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Smaller risks, but bigger problems for shipping

Trond Eilertsen and Chris Grieveson from law firm Wikborg Rein on the ‘very modern nightmare’ that was the fire on the giant MSC Daniela boxship.

The recent fire on the MSC Daniela is a perfect example of a very modern nightmare casualty. A major fire on a fully laden giant boxship, although a dominant fear for owners and underwriters, is a daily risk for the crew. Irrespective of volumes of loading manuals, extensive regulations, and seafarer training the first spark of a catastrophic fire may be well down the supply chain.

Almost any means of transportation of cargo and passengers carries an inherent risk of serious casualty. The regulators are doing their best to improve safety requirements, owners train their crew even better, and the insurers stand behind their members in all segments of shipping. As a consequence the numbers of casualties are reducing; the risk of an accident is dropping. But still the human factor is decisive when it comes to land and sea transport. As new cruise ships, bulkers, and box ships increase their carrying capacity in something of a shipping arms-race, the risk may be decreasing but the cost associated with accidents like this grows exponentially.

Bigger ships, greater supply chain risk

The initial suggestion that the fire on the Daniela was caused by misdeclared cargo is very likely to be true. There is as they say ‘ no smoke without fire’. Having been involved in good number of container ship fires representing shipowners and container lines, we have seen many times the sad truth is that, in the overwhelming majority of cases, the fire is traced back to a container which contains undeclared or mis-declared dangerous goods.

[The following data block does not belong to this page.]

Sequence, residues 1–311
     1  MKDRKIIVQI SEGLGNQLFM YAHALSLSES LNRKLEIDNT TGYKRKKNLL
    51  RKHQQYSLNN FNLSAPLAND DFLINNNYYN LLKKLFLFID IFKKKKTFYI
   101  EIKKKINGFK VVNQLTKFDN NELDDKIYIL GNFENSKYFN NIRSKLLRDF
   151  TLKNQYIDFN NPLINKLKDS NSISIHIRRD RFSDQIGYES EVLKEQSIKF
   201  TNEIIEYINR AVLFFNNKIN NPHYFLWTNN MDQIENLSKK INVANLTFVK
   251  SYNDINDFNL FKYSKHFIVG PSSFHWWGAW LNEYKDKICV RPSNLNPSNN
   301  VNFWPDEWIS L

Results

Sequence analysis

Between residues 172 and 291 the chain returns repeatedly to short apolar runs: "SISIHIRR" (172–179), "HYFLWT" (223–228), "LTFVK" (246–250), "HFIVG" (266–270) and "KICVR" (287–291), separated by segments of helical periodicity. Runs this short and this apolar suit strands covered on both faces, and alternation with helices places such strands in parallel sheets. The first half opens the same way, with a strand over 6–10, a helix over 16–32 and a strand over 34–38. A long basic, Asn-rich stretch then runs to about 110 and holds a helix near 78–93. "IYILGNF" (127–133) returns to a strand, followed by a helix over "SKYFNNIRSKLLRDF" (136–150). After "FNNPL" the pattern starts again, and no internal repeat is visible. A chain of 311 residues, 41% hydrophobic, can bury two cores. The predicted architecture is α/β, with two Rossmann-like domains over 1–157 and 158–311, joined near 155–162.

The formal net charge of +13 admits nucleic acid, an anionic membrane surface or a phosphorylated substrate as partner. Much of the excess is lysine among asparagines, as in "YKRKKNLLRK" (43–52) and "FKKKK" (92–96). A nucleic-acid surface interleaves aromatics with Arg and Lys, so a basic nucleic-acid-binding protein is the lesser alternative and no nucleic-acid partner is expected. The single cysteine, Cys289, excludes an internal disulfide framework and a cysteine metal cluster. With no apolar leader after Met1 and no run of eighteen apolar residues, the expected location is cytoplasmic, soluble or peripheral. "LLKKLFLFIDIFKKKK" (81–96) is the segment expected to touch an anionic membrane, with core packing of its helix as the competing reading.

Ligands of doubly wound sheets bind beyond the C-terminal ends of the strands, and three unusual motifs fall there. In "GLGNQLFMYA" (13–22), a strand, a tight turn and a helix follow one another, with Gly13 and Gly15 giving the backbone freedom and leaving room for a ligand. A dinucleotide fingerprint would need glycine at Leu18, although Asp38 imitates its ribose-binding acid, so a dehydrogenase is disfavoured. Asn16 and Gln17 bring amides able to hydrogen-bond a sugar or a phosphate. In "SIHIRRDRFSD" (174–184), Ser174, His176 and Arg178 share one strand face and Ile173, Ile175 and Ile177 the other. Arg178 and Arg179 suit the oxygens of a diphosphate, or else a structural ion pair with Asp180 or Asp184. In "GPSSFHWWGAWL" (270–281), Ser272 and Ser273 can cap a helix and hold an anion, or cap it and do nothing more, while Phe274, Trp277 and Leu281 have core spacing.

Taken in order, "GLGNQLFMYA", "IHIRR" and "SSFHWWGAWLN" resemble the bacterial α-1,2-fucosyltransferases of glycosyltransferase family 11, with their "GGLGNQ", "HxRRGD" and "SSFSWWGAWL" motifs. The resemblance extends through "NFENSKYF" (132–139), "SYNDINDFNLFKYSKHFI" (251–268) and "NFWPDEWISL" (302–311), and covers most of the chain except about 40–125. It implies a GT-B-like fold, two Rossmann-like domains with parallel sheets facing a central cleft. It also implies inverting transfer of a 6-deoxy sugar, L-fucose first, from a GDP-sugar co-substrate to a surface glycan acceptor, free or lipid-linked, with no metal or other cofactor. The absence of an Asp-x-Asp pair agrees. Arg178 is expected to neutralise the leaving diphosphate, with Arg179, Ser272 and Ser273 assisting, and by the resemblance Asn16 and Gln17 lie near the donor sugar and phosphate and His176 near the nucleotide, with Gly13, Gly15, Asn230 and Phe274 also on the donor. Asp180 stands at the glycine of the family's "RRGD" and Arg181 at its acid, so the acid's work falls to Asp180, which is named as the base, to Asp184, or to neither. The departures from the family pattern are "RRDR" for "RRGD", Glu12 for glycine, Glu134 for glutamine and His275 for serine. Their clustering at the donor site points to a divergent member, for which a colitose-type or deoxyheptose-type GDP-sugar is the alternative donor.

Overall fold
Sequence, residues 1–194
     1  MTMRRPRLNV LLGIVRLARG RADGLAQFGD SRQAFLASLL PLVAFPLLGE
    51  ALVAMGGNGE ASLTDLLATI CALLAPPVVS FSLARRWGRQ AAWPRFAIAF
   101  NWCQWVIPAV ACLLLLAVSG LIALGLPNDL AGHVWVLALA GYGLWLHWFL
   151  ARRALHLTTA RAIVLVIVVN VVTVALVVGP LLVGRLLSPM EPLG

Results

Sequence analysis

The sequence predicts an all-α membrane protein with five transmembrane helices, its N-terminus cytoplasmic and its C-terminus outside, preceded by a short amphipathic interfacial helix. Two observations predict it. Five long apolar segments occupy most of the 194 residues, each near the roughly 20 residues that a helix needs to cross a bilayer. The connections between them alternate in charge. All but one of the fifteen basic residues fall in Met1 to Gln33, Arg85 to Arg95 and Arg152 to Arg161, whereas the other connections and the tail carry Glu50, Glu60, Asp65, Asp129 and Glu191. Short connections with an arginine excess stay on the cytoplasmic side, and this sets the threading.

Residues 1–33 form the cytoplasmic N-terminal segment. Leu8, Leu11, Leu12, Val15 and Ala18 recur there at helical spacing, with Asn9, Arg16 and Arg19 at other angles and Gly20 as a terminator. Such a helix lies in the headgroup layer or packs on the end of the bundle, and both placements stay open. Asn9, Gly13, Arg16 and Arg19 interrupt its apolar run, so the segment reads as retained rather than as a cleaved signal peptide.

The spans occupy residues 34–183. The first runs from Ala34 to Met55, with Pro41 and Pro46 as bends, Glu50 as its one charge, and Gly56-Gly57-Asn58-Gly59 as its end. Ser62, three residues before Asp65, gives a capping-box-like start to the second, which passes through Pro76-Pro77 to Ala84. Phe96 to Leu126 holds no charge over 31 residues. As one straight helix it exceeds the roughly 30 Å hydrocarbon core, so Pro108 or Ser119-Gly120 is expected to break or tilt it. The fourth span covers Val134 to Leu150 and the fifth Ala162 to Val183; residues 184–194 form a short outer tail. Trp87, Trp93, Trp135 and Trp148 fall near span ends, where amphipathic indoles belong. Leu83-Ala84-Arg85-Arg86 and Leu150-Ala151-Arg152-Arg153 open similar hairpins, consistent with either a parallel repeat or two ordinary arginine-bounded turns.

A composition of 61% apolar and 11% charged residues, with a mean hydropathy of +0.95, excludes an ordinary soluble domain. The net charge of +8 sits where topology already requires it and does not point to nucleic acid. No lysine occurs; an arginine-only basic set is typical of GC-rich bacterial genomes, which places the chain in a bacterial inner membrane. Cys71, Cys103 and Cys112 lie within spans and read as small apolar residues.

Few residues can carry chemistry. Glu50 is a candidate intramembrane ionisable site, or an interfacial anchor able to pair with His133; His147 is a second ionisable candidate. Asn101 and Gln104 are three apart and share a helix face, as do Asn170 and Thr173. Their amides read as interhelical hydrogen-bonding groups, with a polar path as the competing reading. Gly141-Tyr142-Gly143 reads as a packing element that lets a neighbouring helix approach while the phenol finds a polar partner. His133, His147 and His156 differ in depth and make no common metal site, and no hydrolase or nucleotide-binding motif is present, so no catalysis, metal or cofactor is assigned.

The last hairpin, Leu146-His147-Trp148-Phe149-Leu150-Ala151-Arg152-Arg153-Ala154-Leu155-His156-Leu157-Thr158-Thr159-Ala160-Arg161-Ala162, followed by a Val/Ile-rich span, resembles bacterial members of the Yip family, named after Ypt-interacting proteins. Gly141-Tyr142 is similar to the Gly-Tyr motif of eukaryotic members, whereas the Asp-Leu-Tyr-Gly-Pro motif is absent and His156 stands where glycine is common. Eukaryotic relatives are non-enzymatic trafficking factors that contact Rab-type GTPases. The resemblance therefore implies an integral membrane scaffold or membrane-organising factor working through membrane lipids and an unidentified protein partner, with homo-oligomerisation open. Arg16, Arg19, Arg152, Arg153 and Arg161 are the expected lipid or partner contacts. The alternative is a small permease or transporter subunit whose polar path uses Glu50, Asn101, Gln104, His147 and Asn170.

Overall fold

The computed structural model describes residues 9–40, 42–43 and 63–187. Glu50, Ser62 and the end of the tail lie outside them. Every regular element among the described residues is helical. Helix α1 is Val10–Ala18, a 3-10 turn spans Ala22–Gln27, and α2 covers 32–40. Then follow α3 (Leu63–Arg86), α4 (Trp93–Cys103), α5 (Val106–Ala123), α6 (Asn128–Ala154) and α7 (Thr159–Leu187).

A number of times the non-declaration or mis-declaration seems to have been attributable solely to an unwillingness by the shippers to pay a small freight surcharge for shipping dangerous goods. This is often a sum of money as small as $100. Not every mis-declaration means that the cargo will explode, but it inevitably means the carrying line has no idea what is on-board and how to handle a potentially sensitive cargo properly. So heat sensitive cargo may come to be stored next to heated fuel tanks.

In many cases the true shipper of the goods is hard to track down and will turn out to be a small company, freight forwarder, or consolidator of very small size with likely no, or wholly inadequate, insurance to cover the damage their actions have caused. The increasing complexity (more containers…more complexity) of the global supply chain means that regardless of IMO initiatives around dangerous goods, those who make mistakes or take shortcuts can have a vastly disproportionate impact on a business when things go wrong.

Bigger ships, bigger costs

As containerships get larger, the prospects of dealing with a mega ship casualty of even greater magnitude and seriousness than the MSC Daniela becomes increasingly more likely. Even despite the efforts of the Chinese authorities to crackdown on mis-declarations following the Tianjin explosions of August 2015, and their appalling death toll, there seems little sign of this trend disappearing.

There is a real prospect this phenomenon will eventually lead to a major environmental disaster or a total loss of ship with a number of sea farers live put at risk. The increasing costs of casualties (such as the Rena, Costa Concordia, and Deepwater Horizon), show just how expensive maritime accidents are becoming. Big is not necessarily beautiful, and these new mastodons have given rise to new challenges, both operational and legal. While it is impressive to see such a fully loaded container vessel, a serious casualty involving these ships will have major consequences for marine insurance, and consequently all shipowners in mutual P&I clubs. Just think of the costs involved in discharging a fully laden mastodon in a remote (or worse, urban/seafront) area following a grounding or collision. Everyone will end up paying.